The words flashed on the screen and changed his life.
Edwin Hardeman had struggled through six rounds of chemotherapy in 2015 when he saw a TV report that said exposure to a popular weedkiller could lead to the exact cancer that was destroying his life. For the first time, the Californian had a possible explanation for his disease.
What he didn’t know then was that four years later, he would become the first person to prove in US federal court that Roundup had caused his non-Hodgkin lymphoma (NHL) – and that in the process, he would help uncover damning secrets about the manufacturer, Monsanto, and its influence in science and government.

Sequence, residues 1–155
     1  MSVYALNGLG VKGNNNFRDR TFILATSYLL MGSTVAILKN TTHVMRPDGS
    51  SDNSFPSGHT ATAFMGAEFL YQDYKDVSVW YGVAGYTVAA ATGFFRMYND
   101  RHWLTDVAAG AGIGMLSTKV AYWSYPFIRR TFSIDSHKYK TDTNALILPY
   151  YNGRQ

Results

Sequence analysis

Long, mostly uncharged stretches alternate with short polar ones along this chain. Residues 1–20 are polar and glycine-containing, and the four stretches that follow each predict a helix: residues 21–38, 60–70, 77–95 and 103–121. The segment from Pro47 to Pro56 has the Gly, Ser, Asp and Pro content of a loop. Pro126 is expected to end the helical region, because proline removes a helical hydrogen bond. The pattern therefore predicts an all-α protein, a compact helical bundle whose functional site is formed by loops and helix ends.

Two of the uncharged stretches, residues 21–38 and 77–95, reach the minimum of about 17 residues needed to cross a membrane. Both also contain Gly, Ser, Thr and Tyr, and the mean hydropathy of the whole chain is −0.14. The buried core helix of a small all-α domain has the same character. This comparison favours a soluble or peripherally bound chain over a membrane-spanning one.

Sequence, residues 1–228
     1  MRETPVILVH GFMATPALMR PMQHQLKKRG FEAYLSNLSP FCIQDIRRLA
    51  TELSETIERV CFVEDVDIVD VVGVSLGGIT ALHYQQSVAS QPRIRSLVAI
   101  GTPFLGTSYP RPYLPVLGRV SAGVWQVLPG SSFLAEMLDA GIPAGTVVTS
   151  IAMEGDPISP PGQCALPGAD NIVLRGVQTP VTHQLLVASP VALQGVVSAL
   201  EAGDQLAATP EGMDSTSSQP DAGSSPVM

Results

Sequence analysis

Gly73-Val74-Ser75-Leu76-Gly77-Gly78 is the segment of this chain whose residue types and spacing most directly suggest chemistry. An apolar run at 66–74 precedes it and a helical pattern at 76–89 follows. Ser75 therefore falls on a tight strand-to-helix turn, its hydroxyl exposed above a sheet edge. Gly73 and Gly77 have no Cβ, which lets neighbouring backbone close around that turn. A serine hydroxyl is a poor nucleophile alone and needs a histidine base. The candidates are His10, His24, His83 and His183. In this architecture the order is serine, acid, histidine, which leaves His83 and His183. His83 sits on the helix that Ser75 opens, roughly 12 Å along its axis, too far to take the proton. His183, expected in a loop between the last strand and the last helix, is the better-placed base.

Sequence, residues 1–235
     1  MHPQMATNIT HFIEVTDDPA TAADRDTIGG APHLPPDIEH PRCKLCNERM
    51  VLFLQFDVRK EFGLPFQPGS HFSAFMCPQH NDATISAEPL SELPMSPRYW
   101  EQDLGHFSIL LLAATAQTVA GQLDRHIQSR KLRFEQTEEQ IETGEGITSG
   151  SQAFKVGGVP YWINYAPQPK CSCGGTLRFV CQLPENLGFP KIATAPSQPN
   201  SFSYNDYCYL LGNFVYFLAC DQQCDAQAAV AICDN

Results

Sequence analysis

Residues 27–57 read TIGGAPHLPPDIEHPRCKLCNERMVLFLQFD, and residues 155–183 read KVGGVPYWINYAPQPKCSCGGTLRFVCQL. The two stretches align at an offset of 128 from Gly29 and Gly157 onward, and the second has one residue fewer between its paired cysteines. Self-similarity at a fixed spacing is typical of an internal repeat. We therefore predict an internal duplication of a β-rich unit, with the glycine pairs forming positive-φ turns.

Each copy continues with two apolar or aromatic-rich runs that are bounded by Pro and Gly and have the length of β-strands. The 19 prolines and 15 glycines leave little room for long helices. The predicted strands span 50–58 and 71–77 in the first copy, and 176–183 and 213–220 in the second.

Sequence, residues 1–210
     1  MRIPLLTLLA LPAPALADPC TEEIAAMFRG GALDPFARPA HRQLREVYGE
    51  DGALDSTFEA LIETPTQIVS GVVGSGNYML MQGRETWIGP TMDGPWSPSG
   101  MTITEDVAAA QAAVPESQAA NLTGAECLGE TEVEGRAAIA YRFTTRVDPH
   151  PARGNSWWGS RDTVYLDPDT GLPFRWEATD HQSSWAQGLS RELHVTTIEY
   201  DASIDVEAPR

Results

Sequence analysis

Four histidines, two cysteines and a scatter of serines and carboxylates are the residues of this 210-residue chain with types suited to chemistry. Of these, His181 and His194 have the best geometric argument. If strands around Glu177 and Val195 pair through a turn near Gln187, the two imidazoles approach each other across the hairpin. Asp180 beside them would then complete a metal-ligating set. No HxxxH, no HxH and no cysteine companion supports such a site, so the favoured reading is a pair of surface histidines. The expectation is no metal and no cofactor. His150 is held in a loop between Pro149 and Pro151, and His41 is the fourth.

“I hope this is a significant turnaround in Monsanto’s history,” Hardeman, 70, said on a recent morning in his Windsor living room, his first interview since a jury ruled that the company was liable for his cancer and owed him $80m in damages. “Maybe they will finally do the right thing.”